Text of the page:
The Wilted Rose

Charting Labour meltdown 2007-2010

“The 50p rate will mean fewer entrepreneurs and fewer jobs” – Taxpayers’ Alliance

A new report from the Taxpayers’ Alliance finds that the “50p rate will mean fewer entrepreneurs and fewer jobs”, as Matthew Sinclair, makes clear:

Tax and Entrepreneurship looks at the relationship between the tax system and people’s decision to start a new firm.  It points out that in order for the risks association with starting a new firm to be financially worthwhile, there need to be rich rewards if things go well.  Often, those rewards will go beyond someone’s immediate needs and be saved and then passed on to children, it’s no accident that Theo Paphitis on Dragon’s Den refers to the money he invests as “my children’s inheritance.”

Unfortunately, that gets taxed heavily and repeatedly.  The money is taxed when it is earned, when it is saved and invested in a company and then again when it is passed on to children – even before it is spent.  That adds up to a total top marginal tax rate of 90% even with the current income tax regime and a top rate of 40p.  Throw the new 50p top rate into the mix and you’re talking about a top marginal tax rate of a massive 92%.  20% of the amount people are left with right now will be taken away with the introduction of the new top rate.  That is a massive burden and will reduce the incentives to start a new firm.

That means that the 50p rate shouldn’t just concern the rich.  The vast majority of new jobs are created by new firms, particularly the high growth “gazelles”.  If we see fewer of those firms thanks to the new 50p rate then more people losing their jobs now thanks to the recession will have to wait longer to find work again.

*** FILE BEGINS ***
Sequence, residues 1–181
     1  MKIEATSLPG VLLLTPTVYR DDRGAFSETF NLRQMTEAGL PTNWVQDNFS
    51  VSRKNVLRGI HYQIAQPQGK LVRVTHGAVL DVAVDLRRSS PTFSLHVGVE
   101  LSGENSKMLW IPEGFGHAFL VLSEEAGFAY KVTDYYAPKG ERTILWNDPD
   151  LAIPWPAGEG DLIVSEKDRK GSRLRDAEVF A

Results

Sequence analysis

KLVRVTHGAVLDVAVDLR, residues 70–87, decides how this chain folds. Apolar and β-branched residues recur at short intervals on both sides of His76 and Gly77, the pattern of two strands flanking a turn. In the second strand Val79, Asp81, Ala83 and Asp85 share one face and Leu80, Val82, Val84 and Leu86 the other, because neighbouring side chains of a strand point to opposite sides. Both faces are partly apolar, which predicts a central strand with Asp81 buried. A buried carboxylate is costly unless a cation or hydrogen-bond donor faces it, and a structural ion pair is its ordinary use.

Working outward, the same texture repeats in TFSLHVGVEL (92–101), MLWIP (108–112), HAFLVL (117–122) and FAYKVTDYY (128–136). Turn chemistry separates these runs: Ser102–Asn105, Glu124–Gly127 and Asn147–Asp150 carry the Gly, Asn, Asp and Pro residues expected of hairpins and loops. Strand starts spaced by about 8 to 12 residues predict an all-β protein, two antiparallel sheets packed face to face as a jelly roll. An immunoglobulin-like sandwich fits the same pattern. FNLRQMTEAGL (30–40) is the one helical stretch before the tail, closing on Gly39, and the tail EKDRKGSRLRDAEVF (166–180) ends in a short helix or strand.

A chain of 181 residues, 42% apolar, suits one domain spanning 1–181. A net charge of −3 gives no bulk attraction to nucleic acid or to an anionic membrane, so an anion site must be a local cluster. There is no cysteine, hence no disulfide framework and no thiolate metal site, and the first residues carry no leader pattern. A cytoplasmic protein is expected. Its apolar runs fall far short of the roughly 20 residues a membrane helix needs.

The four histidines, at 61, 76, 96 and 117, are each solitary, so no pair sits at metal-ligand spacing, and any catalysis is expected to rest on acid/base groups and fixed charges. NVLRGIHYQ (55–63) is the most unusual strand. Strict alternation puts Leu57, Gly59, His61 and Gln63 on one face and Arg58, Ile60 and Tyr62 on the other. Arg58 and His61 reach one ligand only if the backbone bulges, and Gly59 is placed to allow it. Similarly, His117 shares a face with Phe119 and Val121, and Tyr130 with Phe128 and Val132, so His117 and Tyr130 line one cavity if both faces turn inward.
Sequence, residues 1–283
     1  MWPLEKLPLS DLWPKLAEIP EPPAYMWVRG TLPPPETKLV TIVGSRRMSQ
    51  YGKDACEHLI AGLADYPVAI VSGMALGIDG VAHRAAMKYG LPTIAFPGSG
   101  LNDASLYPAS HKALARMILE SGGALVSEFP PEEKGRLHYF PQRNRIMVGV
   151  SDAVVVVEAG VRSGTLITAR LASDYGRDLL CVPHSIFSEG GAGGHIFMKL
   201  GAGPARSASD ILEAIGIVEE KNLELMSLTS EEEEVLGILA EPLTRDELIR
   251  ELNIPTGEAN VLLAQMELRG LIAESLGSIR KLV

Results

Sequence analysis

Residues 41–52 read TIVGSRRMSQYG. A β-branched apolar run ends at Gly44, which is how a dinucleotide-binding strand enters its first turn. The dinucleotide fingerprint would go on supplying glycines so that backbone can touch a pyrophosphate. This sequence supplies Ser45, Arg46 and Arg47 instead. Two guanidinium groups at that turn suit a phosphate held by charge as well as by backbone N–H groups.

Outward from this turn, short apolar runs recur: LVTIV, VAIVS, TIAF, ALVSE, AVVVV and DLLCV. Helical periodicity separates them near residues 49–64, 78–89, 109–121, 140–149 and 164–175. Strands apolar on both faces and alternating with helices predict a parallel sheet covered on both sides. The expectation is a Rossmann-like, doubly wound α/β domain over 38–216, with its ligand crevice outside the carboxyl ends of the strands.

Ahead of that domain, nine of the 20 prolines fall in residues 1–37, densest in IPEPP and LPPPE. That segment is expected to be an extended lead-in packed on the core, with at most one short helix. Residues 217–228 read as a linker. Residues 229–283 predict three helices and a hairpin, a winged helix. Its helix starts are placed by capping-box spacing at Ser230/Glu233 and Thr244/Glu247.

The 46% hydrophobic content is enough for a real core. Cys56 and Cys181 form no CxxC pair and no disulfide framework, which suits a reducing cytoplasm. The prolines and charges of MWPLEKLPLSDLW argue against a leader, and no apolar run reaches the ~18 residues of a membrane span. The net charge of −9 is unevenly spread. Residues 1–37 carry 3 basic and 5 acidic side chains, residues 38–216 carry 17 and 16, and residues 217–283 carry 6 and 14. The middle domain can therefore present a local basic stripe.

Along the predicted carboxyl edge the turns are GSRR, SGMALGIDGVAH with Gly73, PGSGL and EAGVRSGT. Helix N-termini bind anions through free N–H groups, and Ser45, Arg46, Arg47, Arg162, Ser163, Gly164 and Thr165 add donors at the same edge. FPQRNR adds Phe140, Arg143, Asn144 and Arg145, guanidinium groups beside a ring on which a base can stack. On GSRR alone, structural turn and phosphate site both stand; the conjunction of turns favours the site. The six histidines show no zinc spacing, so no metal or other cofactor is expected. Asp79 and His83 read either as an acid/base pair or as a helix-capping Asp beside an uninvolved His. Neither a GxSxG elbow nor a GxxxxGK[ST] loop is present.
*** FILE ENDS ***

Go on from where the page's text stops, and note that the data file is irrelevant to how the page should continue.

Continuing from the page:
Once again, the Government’s policies hurt potential entrepreneurs and, therefore, people who they would have employed.

Labour has migrated far from its socialist roots. In attempting to outflank and wrongfoot the Tories on the 50p tax, Labour has damaged the prospects of entrepreneurs starting new firms that create jobs, which provide people with gainful employment – whatever their social background, whether working-class or middle-class, and whatever their status, whether currently employed or unemployed.

The fact is that there is nothing “progressive” about Labour’s empty rhetoric and its failure to deliver on policies, such as promoting entrepreneurship, reducing child poverty, and dealing with unemployment and worklessness – when its policies have actually exacerbated each of these indicators of prosperity and quality of life.

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28 July, 2009 - Posted by | politics | , , ,

2 Comments »

  1. Labours legacy to the UK public.

    Comment by Scop | 6 August, 2009 | Reply

    • Exactly. Labour’s policies always seem to prove “the law of unintended consequences”, because they also seem to negatively affect more people than they help (if they help any).

      Comment by WR | 7 August, 2009 | Reply


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